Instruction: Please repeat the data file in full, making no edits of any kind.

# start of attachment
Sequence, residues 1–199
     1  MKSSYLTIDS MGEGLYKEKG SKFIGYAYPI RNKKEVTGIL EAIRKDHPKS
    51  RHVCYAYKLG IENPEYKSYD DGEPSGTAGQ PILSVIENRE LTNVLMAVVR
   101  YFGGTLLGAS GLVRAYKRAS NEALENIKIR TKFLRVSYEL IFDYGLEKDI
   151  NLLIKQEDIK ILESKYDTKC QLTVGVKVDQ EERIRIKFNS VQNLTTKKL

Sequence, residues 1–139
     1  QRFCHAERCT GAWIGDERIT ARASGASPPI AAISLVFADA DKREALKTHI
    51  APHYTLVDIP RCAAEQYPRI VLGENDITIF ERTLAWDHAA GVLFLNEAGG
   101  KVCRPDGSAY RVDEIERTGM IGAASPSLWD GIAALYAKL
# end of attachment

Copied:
Sequence, residues 1–199
     1  MKSSYLTIDS MGEGLYKEKG SKFIGYAYPI RNKKEVTGIL EAIRKDHPKS
    51  RHVCYAYKLG IENPEYKSYD DGEPSGTAGQ PILSVIENRE LTNVLMAVVR
   101  YFGGTLLGAS GLVRAYKRAS NEALENIKIR TKFLRVSYEL IFDYGLEKDI
   151  NLLIKQEDIK ILESKYDTKC QLTVGVKVDQ EERIRIKFNS VQNLTTKKL

Sequence, residues 1–139
     1  QRFCHAERCT GAWIGDERIT ARASGASPPI AAISLVFADA DKREALKTHI
    51  APHYTLVDIP RCAAEQYPRI VLGENDITIF ERTLAWDHAA GVLFLNEAGG
   101  KVCRPDGSAY RVDEIERTGM IGAASPSLWD GIAALYAKL